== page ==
By Gaurav Hooda, Alumnus AIL
From the past few weeks, the situation in India & all across the globe has been tense. It is as close to war, the entire human race could have possibly been. Regardless of who’s to be blamed, which we all know by now, India for sure is on a war footing. I repeat this is not a DRILL!!
As we all know, in times like these, there have been perpetrators who more often than not, indulge in activities detrimental to the health of others by violating the lockdown, roaming around freely in the streets. Some even resorting to spitting, or licking the vegetables, fruits and keeping it back in the rack. Feeling disgusted at the mere thought of it, you must be wondering how we deal with such people, who have no regard for their safety and that of others.
When it comes to situations like these, where the entire humanity is caught off-guard & fighting the unknown, there is an archaic piece of legislation that still holds ground in the modern era. Yes, who would have thought that? While S.144 of the Indian Penal Code, 1860 helps us curtail the movement of people and make it punishable, it does little help in combatting COVID-19. While the gathering should be brought to a minimum & social distancing should be practised, we have the Epidemic Diseases Act, 1897 to lessen our worries. Both the State as well as the Central Govt’s are empowered to undertake special measures & prescribe regulations as to dangerous epidemic diseases when the ordinary provisions of law for the time being in force are insufficient for the purpose. The Penalty though as described under this Act is little on the softer side considering the harm which can be caused when it comes to a situation like this. In essence, any person disobeying any order/regulation made under this Act shall be deemed to have committed an offence u/s 188 of the Indian Penal Code which is punishable by a term of imprisonment extending up to 6 months or fine up to Rs.1000 or both.
While the above-mentioned legislation enables the govt’s to take control of the situation in more of an administrative manner, it is the Indian Penal Code which ultimately drives home the point, when it comes to punishing the perpetrators or Covidiots. In our normal day to day routine, we can surely come across one odd person who would like to use his ignorance of the law as an excuse to justify his actions. The incidents of violence in states where people attack the law enforcement agencies or the medical staff to fulfil their own frivolous motives, they don’t realise how serious the gravity of the situation is. That is where S.269 & S.270 of the Indian Penal Code kicks in. S.269 deals with a case wherein the negligent act is likely to spread infection of disease dangerous to life punishable with imprisonment up to 6 months or fine or both. Whereas S.270 punishes the malignant act likely to spread an infection of disease dangerous to life punishable with imprisonment up to 2 years and fine and both. The offence in both sections is cognizable & bailable in nature.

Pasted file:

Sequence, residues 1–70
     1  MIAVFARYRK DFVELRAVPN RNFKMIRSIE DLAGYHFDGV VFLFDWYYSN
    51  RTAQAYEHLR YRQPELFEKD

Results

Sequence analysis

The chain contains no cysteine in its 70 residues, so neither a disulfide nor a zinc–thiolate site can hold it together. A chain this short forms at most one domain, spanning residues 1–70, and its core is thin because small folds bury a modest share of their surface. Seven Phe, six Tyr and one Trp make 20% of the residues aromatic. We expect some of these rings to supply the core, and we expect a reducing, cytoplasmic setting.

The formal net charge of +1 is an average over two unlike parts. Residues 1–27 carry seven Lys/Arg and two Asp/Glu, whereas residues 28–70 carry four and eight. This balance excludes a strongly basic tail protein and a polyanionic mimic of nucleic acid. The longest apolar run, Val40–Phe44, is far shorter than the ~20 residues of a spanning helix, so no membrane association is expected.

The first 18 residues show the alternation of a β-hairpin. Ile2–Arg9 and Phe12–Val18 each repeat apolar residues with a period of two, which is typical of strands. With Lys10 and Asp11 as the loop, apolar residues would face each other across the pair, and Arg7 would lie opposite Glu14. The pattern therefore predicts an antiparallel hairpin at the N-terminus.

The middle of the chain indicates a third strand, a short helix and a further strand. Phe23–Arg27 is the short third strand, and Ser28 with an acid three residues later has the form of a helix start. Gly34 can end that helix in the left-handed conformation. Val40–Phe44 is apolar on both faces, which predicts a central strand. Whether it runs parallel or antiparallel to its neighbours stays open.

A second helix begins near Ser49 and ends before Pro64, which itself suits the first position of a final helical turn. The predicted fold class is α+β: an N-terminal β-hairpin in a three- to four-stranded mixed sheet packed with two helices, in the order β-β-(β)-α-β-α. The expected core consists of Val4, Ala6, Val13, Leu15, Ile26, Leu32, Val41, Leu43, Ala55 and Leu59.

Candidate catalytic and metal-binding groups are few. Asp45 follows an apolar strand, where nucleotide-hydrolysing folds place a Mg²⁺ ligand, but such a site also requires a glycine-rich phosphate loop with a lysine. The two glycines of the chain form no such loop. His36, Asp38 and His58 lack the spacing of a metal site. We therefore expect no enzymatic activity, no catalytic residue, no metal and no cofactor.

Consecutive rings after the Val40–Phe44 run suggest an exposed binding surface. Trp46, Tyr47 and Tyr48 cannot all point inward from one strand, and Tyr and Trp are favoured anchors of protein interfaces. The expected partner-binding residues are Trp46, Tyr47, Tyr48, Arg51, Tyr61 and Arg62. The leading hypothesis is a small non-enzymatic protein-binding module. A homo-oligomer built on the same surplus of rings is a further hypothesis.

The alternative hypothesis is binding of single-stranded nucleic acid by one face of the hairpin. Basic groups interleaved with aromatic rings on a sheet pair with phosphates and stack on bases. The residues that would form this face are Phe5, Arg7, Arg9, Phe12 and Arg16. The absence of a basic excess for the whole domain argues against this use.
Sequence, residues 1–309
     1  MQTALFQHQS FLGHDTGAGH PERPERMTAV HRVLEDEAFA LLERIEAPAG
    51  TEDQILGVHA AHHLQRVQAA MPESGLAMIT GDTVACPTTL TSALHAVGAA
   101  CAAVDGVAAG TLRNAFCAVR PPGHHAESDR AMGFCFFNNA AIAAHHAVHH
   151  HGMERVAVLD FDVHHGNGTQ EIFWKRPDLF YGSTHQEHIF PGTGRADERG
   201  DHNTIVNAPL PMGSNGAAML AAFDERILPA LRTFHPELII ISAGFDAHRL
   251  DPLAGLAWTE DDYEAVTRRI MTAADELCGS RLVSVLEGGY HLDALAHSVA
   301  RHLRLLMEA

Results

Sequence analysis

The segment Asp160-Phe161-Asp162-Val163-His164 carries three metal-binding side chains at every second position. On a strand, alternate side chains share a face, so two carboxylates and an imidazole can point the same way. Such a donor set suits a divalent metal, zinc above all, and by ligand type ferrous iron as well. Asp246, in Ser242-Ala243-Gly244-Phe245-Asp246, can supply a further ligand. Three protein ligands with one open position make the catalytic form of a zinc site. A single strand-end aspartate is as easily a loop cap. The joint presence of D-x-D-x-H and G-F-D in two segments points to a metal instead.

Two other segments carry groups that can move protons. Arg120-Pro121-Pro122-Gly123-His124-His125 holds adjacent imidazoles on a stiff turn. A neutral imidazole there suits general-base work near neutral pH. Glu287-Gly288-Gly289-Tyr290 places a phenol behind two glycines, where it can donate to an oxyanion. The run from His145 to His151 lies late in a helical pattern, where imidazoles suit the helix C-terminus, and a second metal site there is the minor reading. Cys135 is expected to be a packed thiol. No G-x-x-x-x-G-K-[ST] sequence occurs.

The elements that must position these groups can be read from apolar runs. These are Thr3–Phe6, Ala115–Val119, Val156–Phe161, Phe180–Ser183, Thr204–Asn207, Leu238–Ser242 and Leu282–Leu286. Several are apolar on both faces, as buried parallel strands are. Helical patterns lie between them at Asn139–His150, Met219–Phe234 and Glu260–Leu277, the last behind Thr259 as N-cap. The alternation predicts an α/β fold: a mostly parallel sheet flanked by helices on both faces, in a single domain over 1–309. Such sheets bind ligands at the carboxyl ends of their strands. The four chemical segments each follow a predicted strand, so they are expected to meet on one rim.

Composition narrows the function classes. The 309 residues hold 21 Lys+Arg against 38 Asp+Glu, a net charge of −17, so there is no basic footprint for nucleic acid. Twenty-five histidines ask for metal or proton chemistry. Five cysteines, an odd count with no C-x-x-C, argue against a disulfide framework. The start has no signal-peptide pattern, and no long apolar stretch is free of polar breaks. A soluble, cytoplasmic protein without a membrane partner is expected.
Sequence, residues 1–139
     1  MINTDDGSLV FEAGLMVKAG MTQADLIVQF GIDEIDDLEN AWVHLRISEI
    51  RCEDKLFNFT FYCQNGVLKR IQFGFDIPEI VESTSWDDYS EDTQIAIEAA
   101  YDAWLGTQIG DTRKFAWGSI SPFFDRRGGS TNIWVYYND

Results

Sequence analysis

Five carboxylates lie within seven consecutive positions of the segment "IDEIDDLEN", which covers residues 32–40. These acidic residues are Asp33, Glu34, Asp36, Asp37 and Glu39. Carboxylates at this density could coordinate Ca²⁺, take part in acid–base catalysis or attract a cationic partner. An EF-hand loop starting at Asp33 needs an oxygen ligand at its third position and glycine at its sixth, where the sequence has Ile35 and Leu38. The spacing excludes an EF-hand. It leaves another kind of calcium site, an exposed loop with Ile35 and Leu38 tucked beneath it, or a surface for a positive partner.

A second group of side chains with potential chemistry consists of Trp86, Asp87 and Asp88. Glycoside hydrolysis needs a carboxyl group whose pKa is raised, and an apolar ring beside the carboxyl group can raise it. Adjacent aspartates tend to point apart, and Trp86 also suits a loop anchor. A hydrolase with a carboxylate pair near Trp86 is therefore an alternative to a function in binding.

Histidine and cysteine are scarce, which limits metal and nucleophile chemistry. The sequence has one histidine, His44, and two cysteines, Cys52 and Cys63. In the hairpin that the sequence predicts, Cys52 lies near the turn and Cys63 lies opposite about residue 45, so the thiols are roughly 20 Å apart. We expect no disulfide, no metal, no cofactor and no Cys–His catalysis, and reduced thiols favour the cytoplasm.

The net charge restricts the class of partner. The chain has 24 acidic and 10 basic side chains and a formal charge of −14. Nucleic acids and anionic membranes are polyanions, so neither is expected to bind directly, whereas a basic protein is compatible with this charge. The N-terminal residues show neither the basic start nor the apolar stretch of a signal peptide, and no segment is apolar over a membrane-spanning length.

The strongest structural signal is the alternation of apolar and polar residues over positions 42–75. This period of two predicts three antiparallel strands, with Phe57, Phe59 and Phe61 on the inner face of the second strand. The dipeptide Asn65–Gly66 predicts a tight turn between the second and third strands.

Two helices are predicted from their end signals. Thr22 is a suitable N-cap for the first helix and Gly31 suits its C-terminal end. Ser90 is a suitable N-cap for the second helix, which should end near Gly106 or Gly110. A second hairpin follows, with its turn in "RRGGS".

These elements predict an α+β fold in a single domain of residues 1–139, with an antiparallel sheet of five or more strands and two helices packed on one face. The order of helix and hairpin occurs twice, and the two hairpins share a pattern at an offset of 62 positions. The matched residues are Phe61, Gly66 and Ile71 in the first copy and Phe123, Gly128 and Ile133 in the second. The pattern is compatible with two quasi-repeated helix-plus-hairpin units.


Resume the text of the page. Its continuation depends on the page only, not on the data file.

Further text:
The govt. at the helm of affairs in India did a fantastic job when it came to contain the spread of COVID-19. With the flight bans coming into place quite early and ensuring people stay quarantined at home, we have successfully evaded Stage-III of the disease, as of now. The key term being “quarantined”. While many have been under self-quarantine in their homes, some have been forces by the authorities to undergo mandatory quarantine for the greater good and safety of others. What empowers this quarantine rule is S.271 of the Indian Penal Code, which makes the disobedience to quarantine rule punishable by term of imprisonment extending up to 6 months or with fine or both.
Having analysed the few sections which have gained significance over the past few months, they play a vital role when it comes to maintaining law & order in the society amongst these unprecedented times. Unless & until the measures are followed in their true spirit, the situation will only get worse. It is in everybody’s interest to respect the lockdown and stay at home.
While the authorities have their task cut out, as citizens we should help the govt. in fighting the disease rather than fighting with them. To those who feel their rights have been hampered or curtailed, well, even the Constitution of India provides for the exercise of those rights with a rider called – Reasonable Restrictions.
*Gaurav Hooda is an Alumnus of AIL, Mohali (Batch of 2019) practising an an Advocate in New Delhi.
* *The views of the Author are purely personal in nature & for academic purposes and in no way intended to harm, disrepute or hamper the feelings & sentiments of anyone reading it.